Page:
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The Napa Valley Vintners Take on Climate Change

by Monty and Sara Preiser

Preisers’ Reserve: It looks as if the 2005 vintage is going to be a superb one for Napa Valley Cabs. And when you have an excellent vintage to go along with a top of the line winemaker and a winery with resources – look out. The 2005 Joseph Phelps Cabernet Sauvignon ($54), allows all of us to respect economic conditions without sacrificing even a bit of quality. It is easy to identify the layers of the wine – spices and caramel on the nose lead into red cherries and currants, which flow into a chocolate finish. Tannins are well integrated. When you sip this beauty, try to pick out the 4% Petit Verdot that adds body, and notice as well Craig Williams’ use of both French and American oak. The Insignia may be Phelps’ calling card, but you can feel good leaving with a bottle of the 05 Cab.

The Napa Valley Vintners Take on Climate Change

The Napa Valley Vintners (NVV) is a non-profit trade association comprised of over 325 Napa Valley wineries (as with all trade associations, membership is voluntary so there are wineries in the Valley that, for one reason or another, choose not to join). Over the years we have watched the NVV as it has evolved into an entity that not only raises an incredible amount of money for worthy purposes through various events, but has expanded its scope to identify, study, and hopefully rectify problems facing the industry.

If you live outside of Napa you might think that the newspapers, news magazines (as opposed to wine guides), governmental agencies, and/or local journalists would have long ago run to take the laboring oar in an effort to maintain and aid the industry that galvanizes the county and allows it to operate at a high level. Alas, this is not so. The reality is that the government spends far too much time creating inane rules and regulations that slow the industry’s progress, all the while earmarking far too few resources to effectively help growth and prosperity. Journalists, for the most part, limit their stories to puff pieces about everything industry related so that they do not risk drawing the ire of anyone important. Such ire could lead to a loss of a writer’s free invitations to a myriad of social and tasting events. And the editorial staffs of the newspapers and magazines are rarely, if ever, involved with a first person story of note that does anything but offer praise (deserved or not) for a local business. Well, a revenue stream is important, we suppose.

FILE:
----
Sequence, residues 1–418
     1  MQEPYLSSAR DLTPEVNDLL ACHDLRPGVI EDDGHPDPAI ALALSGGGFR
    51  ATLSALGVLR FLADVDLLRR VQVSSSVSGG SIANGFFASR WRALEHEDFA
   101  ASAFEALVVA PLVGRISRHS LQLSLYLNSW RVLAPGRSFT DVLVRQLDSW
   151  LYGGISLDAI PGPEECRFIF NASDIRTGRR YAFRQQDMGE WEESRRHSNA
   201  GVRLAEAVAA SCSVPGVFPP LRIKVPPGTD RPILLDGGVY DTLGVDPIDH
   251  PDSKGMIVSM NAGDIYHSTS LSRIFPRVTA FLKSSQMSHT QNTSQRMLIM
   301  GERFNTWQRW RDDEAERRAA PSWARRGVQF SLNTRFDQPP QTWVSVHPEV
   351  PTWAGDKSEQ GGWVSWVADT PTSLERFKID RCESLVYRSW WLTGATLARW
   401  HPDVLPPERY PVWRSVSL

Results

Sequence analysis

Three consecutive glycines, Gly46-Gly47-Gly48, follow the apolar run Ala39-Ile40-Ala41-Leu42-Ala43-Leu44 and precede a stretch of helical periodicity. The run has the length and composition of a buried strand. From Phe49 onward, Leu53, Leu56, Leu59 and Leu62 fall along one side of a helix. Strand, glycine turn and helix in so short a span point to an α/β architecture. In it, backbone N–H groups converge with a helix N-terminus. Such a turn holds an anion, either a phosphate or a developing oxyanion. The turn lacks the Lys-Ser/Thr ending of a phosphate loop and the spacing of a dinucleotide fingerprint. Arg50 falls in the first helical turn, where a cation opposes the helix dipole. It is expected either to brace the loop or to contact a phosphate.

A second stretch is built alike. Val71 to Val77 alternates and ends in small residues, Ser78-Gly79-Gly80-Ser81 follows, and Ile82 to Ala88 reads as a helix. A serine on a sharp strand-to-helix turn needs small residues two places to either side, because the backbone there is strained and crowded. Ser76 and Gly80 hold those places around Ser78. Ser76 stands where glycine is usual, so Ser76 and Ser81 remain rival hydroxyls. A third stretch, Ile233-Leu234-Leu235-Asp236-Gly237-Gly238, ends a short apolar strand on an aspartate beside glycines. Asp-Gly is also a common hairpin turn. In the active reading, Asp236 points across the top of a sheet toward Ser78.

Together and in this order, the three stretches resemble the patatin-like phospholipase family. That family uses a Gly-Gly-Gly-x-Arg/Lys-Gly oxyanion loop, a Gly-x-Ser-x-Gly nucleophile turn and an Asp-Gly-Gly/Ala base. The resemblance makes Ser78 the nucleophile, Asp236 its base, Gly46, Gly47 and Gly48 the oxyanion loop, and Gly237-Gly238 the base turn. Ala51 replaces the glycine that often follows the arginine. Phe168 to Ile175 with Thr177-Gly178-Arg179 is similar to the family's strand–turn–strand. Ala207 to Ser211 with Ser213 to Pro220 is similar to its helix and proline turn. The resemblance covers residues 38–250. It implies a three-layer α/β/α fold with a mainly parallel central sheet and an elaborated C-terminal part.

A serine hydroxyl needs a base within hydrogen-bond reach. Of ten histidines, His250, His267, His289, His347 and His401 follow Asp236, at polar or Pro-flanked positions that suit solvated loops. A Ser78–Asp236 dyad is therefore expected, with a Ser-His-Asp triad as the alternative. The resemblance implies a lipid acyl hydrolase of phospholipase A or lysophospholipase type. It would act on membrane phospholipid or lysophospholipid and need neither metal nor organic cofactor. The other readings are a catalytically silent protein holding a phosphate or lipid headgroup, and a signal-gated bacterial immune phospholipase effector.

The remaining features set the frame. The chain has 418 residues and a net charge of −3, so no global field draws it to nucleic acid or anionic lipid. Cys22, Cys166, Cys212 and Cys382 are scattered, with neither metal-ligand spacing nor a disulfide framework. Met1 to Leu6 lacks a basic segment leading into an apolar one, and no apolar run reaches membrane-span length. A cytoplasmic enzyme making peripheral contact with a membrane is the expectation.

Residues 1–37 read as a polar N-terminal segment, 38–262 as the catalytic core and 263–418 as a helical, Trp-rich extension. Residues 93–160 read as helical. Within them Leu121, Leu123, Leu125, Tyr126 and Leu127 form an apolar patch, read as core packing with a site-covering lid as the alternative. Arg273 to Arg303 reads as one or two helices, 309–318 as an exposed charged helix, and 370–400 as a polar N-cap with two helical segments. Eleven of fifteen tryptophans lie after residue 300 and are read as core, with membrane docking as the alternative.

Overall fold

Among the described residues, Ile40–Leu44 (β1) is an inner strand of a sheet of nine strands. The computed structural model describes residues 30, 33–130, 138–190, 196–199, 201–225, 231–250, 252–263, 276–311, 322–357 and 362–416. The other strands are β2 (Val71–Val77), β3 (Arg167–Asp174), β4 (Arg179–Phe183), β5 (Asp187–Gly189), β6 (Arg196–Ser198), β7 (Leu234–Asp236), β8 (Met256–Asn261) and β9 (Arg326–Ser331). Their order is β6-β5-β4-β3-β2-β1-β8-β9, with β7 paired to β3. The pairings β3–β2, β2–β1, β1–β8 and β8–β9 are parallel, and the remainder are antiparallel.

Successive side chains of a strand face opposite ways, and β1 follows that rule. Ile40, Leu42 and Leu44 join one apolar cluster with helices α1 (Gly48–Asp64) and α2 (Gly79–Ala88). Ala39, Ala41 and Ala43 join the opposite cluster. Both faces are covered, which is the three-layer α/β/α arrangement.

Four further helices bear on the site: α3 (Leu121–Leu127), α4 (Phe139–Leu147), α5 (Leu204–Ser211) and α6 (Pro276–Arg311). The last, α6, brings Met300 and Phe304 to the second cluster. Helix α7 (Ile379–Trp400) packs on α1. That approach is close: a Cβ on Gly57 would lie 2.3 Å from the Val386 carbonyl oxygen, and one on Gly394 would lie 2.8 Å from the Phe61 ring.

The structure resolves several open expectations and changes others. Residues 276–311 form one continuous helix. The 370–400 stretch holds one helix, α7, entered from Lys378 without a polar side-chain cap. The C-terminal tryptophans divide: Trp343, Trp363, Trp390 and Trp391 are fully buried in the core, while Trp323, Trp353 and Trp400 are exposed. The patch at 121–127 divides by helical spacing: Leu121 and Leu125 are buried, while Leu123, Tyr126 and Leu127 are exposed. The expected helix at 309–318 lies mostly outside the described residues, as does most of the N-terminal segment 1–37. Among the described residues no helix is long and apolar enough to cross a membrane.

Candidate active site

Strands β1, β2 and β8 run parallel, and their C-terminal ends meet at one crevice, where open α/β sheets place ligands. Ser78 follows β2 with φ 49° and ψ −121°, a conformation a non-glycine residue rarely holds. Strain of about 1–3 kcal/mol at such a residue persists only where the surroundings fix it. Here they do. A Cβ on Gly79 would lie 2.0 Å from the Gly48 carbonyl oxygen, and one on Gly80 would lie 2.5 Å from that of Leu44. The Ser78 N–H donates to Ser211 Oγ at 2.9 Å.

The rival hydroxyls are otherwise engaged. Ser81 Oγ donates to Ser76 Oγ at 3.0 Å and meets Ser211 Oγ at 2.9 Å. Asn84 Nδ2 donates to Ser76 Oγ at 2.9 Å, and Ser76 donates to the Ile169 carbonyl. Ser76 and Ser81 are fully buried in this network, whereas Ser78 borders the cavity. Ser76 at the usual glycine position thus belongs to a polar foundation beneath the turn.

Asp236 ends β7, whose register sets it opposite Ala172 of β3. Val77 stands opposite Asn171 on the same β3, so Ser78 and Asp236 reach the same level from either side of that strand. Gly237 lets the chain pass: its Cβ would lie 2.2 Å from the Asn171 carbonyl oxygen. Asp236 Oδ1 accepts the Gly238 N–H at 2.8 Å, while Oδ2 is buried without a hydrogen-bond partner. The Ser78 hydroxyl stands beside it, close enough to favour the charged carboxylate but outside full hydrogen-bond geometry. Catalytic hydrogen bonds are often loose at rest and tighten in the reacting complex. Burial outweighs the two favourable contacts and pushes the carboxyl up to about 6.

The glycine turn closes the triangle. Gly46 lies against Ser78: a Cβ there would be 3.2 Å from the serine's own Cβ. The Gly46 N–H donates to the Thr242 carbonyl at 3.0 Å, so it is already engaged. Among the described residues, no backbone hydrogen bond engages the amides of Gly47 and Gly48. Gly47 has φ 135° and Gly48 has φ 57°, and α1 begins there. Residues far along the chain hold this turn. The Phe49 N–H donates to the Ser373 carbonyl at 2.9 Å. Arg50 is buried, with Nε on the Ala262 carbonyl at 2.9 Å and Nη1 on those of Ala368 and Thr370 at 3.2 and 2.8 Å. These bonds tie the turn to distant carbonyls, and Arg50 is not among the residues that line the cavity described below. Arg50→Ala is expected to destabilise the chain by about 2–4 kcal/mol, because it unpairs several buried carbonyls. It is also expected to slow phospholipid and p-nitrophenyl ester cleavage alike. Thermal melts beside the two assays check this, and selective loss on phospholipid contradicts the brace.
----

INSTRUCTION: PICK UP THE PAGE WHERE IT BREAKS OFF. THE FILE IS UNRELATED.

So Napa Valley has long needed columnists, publications, or other groups with the guts to identify the bad as well as the good. Fortunately there have been, and are, a few organizations that can write the truth because of their size and/or lack of fear of retaliation. For example, some people criticize the Wine Spectator for its wine rating system, but without this publication there are numerous problems within the industry and certain wineries that would never have seen the light of day – and they needed to be exposed. Strong columnists like Alan Goldfarb, Dan Berger, and Eric Asimov seem to write without fear.

Thus, it is most gratifying to see the Napa Valley Vintners tackle the tough issues facing the wine industry. The coming century will feature the necessity of finding industry related answers to climate change, increasing competition from a world that seems to be able to produce wines at a lower cost, the “green” revolution, lesser resources due to more consumption, a poor economy, and a host of other issues that probably haven’t even been given a name.

Recently, the NVV held a meeting of more than 100 vintners that focused on the group's ongoing Climate Study Task Force. A top-notch panel of climate experts assembled to speak about this global problem and its local impact.

Chris Howell, winemaker and general manager of Cain Vineyard, is a leader on the Task Force. “Today, climate change and its potentially significant impact on our business is our greatest challenge.” He continued by observing that the wine industry has overcome challenges such as Prohibition, pests and diseases (like Phylloxera), land-use battles, and challenging economic times. He optimistically offered, “We can educate ourselves about the situation and still take action that can have a positive effect. When you’re a farmer you have to be optimistic, you’re planting a vineyard for (not just) a generation, (but) 20, 50, or 100 years. It’s not like Wall Street -- we need to be grounded in reality and need think about how to adapt.”